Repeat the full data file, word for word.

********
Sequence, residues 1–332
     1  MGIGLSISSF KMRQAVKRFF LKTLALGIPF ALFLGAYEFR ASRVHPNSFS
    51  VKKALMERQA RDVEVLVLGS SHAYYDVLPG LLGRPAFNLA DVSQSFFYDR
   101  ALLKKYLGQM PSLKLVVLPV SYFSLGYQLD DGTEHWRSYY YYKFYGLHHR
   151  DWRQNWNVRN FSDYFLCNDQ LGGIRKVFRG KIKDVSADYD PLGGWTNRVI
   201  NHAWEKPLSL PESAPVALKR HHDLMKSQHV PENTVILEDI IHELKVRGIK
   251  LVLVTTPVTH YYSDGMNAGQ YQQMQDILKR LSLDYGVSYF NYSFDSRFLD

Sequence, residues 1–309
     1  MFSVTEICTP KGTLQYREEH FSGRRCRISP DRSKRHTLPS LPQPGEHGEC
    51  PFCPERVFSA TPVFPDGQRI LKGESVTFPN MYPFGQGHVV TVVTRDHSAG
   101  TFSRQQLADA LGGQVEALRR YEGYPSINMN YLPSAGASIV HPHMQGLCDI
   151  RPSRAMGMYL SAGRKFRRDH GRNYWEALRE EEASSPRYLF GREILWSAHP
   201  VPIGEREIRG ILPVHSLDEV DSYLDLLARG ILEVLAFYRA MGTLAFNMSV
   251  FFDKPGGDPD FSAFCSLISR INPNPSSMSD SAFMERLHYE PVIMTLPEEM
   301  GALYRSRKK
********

Sequence, residues 1–332
     1  MGIGLSISSF KMRQAVKRFF LKTLALGIPF ALFLGAYEFR ASRVHPNSFS
    51  VKKALMERQA RDVEVLVLGS SHAYYDVLPG LLGRPAFNLA DVSQSFFYDR
   101  ALLKKYLGQM PSLKLVVLPV SYFSLGYQLD DGTEHWRSYY YYKFYGLHHR
   151  DWRQNWNVRN FSDYFLCNDQ LGGIRKVFRG KIKDVSADYD PLGGWTNRVI
   201  NHAWEKPLSL PESAPVALKR HHDLMKSQHV PENTVILEDI IHELKVRGIK
   251  LVLVTTPVTH YYSDGMNAGQ YQQMQDILKR LSLDYGVSYF NYSFDSRFLD

Sequence, residues 1–309
     1  MFSVTEICTP KGTLQYREEH FSGRRCRISP DRSKRHTLPS LPQPGEHGEC
    51  PFCPERVFSA TPVFPDGQRI LKGESVTFPN MYPFGQGHVV TVVTRDHSAG
   101  TFSRQQLADA LGGQVEALRR YEGYPSINMN YLPSAGASIV HPHMQGLCDI
   151  RPSRAMGMYL SAGRKFRRDH GRNYWEALRE EEASSPRYLF GREILWSAHP
   201  VPIGEREIRG ILPVHSLDEV DSYLDLLARG ILEVLAFYRA MGTLAFNMSV
   251  FFDKPGGDPD FSAFCSLISR INPNPSSMSD SAFMERLHYE PVIMTLPEEM
   301  GALYRSRKK